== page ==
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Flare StarsFlares stars like the one described in our study (which has a mass around 1/4 of that of the Sun) have been studied for many decades. However, with the Kepler satellite, observations of stars lasting up to 4 years with very few interuptions were made. From the Earth, observations are uninterupted during the day and the times of year when the star gets too close to the Sun. The Kepler observations allowed astronomers to determine how the flare characteristics (the number, duration, energy) are effected by a stars mass, rotation period and age.
Flares of different energies and duration are regularly seen from the Sun with energies ranging from optical light to X-rays. We know that the Sun's activity varies on a dozen year timescale. By observing the flare characteristics of stars with different mass, age and rotation period we can gain insight to what really powers flares from stars.
We know that flares from the Sun can effect human activities on the Earth. (Think of the huge disruption to the electric grid in Canada in 1989). If a planet is close to a star which has lots of low energy flares, the effect could be much greater, and even prevent the formation of life on that exo-planet.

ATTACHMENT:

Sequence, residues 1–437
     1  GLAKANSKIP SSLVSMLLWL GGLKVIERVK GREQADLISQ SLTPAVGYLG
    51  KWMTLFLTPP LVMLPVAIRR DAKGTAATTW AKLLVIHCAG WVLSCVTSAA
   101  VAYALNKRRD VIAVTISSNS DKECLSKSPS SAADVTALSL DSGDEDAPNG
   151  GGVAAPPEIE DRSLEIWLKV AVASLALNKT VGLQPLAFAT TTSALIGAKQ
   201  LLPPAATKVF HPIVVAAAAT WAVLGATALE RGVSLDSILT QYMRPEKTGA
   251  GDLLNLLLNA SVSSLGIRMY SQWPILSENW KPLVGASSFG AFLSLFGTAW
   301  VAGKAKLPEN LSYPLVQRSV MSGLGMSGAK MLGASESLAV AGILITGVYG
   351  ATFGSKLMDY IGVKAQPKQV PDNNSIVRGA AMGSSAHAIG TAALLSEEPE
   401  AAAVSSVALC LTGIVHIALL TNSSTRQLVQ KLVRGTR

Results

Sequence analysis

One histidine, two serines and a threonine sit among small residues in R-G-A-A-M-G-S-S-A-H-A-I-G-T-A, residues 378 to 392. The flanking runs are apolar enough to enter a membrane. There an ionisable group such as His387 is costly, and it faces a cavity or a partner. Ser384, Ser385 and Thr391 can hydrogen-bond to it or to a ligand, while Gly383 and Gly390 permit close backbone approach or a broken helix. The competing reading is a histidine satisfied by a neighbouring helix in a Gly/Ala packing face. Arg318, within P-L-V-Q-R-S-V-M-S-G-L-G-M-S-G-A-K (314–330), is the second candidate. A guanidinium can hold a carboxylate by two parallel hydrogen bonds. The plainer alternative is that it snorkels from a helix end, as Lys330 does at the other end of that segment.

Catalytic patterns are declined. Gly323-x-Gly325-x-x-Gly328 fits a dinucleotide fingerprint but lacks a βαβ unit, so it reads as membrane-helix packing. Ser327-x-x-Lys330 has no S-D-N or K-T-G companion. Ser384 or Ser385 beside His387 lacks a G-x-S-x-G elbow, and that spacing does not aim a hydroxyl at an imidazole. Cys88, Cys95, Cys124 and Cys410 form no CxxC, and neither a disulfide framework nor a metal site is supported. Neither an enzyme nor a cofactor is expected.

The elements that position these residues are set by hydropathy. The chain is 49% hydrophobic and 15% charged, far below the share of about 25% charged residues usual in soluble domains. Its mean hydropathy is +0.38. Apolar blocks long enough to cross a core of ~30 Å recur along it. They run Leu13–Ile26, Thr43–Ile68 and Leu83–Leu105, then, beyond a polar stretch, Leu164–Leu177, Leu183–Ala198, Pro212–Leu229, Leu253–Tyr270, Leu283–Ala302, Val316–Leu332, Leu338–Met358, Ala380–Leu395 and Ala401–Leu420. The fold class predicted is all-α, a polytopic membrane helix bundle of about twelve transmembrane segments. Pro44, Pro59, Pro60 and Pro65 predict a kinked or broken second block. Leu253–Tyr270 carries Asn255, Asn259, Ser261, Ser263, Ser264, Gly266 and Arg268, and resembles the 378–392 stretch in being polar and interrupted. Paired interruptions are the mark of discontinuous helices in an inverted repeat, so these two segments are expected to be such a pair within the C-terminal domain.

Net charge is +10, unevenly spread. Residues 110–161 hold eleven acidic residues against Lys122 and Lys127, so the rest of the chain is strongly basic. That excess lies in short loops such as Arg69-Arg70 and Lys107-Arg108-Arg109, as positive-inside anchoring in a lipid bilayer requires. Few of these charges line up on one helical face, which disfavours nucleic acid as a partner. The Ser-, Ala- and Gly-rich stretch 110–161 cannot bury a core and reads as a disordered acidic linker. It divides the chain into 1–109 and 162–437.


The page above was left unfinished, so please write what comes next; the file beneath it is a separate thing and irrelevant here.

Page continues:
We have recently obtained data of some flare stars using Kepler in the next phase of its life. Last year Kepler lost the second of its 4 gyroscopes which meant it had difficultly in keeping its telescope pointing at the same patch of sky with the accuracy needed. Now K2 (as its called) will look at different fields for approximately 75 days along the ecliptic plane - the track the Sun follows during the year.
Below is 4 days worth of Kepler data on the M4 star KIC9726699.